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A friend said one of the girls had earlier been accosted for singing during Ramadan.
“She was shocked as it just came from out of the blue,” Oli Cohen, 21, told reporters. “But she wasn’t scared enough to come home she stayed out there to finish her trip and volunteering.”
Britain is concerned about Wednesday’s attack and is “in contact with the Tanzanian authorities”, the Foreign Office said in a statement.
The police described the attack as “an isolated incident”, refusing to link it to rising religious tension on the island between majority Muslims and its Christian population.
“The attackers approached the girls as they were walking on a street at around 7:15 p.m. and threw acid at them,” Zanzibar Urban West regional police commander Mkadam Khamis Mkadam told Reuters. “The incident occurred when the streets were deserted as most people were breaking their Ramadan fast.”
Television images showed one girl obviously in pain in the back of a car at the Zanzibar airport.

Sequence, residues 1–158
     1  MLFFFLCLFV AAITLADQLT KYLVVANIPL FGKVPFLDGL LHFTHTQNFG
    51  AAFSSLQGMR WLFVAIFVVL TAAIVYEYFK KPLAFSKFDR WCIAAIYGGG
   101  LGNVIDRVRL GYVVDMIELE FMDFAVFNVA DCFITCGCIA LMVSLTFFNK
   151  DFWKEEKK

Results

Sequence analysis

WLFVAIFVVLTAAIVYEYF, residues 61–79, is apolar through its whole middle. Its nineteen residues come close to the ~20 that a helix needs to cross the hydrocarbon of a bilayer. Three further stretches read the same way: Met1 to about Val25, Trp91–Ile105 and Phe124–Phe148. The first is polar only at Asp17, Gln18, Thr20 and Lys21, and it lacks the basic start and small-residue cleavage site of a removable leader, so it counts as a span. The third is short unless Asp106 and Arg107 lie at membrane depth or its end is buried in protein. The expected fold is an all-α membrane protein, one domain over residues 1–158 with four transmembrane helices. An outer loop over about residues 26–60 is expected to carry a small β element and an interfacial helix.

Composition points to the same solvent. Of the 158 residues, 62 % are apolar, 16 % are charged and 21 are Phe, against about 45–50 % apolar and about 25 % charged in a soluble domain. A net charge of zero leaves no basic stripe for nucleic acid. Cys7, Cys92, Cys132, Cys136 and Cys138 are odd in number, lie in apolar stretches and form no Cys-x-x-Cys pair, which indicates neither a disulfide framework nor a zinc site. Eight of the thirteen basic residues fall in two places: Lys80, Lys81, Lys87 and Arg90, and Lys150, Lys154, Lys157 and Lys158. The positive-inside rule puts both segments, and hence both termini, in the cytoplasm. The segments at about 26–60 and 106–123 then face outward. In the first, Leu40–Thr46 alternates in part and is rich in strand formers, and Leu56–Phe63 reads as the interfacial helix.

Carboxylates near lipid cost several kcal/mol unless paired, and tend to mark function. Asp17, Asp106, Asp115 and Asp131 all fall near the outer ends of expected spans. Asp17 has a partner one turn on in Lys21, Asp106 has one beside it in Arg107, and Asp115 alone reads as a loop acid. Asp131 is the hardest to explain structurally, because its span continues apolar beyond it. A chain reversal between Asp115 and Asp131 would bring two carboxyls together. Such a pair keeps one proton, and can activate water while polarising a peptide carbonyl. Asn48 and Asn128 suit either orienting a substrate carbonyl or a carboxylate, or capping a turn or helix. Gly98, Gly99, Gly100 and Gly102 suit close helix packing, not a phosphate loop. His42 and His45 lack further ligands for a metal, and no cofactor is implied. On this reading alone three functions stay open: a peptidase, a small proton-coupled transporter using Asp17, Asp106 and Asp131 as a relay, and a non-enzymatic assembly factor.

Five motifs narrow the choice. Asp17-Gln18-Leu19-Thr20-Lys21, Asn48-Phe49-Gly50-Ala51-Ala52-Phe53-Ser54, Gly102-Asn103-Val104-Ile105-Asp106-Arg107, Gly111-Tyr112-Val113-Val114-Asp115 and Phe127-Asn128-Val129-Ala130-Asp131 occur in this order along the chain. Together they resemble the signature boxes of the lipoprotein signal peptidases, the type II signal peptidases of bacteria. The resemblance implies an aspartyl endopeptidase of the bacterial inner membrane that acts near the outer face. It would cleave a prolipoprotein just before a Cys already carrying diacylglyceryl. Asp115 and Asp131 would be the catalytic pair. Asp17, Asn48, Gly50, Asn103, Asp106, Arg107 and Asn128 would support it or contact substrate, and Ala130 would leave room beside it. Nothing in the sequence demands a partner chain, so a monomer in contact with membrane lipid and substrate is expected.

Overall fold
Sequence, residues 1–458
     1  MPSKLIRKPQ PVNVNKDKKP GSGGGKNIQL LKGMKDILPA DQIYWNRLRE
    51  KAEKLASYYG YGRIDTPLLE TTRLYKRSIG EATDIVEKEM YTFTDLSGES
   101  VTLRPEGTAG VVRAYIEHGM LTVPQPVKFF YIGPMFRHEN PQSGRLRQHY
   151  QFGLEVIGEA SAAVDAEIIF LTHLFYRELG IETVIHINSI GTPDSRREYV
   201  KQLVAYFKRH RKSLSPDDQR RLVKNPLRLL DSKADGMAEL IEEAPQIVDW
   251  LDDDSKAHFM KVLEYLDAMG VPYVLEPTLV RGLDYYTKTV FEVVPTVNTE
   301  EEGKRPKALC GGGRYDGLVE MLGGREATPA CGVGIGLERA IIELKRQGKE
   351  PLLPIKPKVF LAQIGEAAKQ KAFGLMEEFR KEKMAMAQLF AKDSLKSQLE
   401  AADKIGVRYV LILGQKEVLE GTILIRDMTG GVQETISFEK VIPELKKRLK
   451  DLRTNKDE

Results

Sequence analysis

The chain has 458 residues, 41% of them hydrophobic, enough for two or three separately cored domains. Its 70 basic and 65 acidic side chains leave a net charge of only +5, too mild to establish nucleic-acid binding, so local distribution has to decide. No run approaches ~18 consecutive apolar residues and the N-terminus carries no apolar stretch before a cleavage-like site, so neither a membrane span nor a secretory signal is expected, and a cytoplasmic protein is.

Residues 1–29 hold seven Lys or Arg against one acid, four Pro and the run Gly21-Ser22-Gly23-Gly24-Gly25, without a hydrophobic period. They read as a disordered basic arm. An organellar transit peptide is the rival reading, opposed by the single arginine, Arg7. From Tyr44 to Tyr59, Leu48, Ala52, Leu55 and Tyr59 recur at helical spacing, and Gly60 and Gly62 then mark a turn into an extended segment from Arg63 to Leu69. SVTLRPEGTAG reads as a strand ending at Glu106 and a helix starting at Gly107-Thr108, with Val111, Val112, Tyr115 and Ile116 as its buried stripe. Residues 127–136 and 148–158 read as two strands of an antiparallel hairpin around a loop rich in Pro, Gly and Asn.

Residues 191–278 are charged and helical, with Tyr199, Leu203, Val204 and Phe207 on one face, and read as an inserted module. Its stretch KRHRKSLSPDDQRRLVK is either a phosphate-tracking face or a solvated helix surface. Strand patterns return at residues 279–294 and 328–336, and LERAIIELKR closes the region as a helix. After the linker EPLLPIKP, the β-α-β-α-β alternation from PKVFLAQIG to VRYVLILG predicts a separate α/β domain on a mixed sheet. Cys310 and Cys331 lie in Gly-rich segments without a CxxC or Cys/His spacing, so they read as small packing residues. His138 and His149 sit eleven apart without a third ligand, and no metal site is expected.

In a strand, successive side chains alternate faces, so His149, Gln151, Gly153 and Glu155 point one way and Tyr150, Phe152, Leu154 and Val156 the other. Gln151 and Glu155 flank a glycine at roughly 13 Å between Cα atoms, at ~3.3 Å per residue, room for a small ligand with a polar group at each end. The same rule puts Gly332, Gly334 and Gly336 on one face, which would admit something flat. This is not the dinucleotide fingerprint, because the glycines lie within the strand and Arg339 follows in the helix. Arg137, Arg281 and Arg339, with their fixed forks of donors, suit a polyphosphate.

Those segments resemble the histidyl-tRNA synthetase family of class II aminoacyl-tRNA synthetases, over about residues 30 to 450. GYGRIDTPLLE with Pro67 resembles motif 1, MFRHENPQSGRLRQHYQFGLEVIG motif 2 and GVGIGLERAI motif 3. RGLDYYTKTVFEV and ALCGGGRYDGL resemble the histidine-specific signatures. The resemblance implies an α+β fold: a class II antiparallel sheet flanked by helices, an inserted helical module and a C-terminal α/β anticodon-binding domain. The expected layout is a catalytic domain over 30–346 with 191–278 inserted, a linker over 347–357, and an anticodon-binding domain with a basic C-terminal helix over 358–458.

“The victims sustained facial, chest and back injuries from the acid attack,” Mkadam said.
The Britons were expected to fly home on Thursday.
The attack comes during the tourist season in the historic town and after a Zanzibar Muslim leader, Sheikh Fadhil Suleiman Soraga, was hospitalised with acid burns in a November attack.
Two Christian leaders were killed early this year in separate attacks.
A separatist group in Zanzibar, Uamsho (Awakening), is pushing for the archipelago to exit from its 1964 union with mainland Tanzania, which is ruled as a secular country. Uamsho wants to introduce Islamic Sharia law in Zanzibar.
Supporters of the group have engaged in running street battles with the police in the past, but authorities have not linked the group with the attacks on Christian clerics.